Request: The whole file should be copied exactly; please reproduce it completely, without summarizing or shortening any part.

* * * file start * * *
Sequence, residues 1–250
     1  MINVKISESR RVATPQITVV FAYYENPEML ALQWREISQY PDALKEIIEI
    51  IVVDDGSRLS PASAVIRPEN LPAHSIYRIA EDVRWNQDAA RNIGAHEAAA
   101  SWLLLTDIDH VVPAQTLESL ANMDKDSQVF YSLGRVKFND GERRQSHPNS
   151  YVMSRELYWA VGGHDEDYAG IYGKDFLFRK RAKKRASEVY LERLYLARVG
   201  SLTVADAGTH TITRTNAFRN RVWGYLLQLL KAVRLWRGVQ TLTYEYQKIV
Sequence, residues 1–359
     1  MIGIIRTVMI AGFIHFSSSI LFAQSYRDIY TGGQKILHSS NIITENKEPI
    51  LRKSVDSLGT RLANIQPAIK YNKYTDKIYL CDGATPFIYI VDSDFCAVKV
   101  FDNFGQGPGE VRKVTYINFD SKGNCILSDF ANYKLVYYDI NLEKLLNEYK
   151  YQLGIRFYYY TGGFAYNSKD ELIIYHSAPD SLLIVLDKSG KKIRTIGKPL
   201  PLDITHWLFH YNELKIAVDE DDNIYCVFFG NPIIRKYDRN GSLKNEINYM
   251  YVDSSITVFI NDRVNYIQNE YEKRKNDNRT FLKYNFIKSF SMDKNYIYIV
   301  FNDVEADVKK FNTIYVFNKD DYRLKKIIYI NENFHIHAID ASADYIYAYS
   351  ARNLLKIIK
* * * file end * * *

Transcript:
Sequence, residues 1–250
     1  MINVKISESR RVATPQITVV FAYYENPEML ALQWREISQY PDALKEIIEI
    51  IVVDDGSRLS PASAVIRPEN LPAHSIYRIA EDVRWNQDAA RNIGAHEAAA
   101  SWLLLTDIDH VVPAQTLESL ANMDKDSQVF YSLGRVKFND GERRQSHPNS
   151  YVMSRELYWA VGGHDEDYAG IYGKDFLFRK RAKKRASEVY LERLYLARVG
   201  SLTVADAGTH TITRTNAFRN RVWGYLLQLL KAVRLWRGVQ TLTYEYQKIV
Sequence, residues 1–359
     1  MIGIIRTVMI AGFIHFSSSI LFAQSYRDIY TGGQKILHSS NIITENKEPI
    51  LRKSVDSLGT RLANIQPAIK YNKYTDKIYL CDGATPFIYI VDSDFCAVKV
   101  FDNFGQGPGE VRKVTYINFD SKGNCILSDF ANYKLVYYDI NLEKLLNEYK
   151  YQLGIRFYYY TGGFAYNSKD ELIIYHSAPD SLLIVLDKSG KKIRTIGKPL
   201  PLDITHWLFH YNELKIAVDE DDNIYCVFFG NPIIRKYDRN GSLKNEINYM
   251  YVDSSITVFI NDRVNYIQNE YEKRKNDNRT FLKYNFIKSF SMDKNYIYIV
   301  FNDVEADVKK FNTIYVFNKD DYRLKKIIYI NENFHIHAID ASADYIYAYS
   351  ARNLLKIIK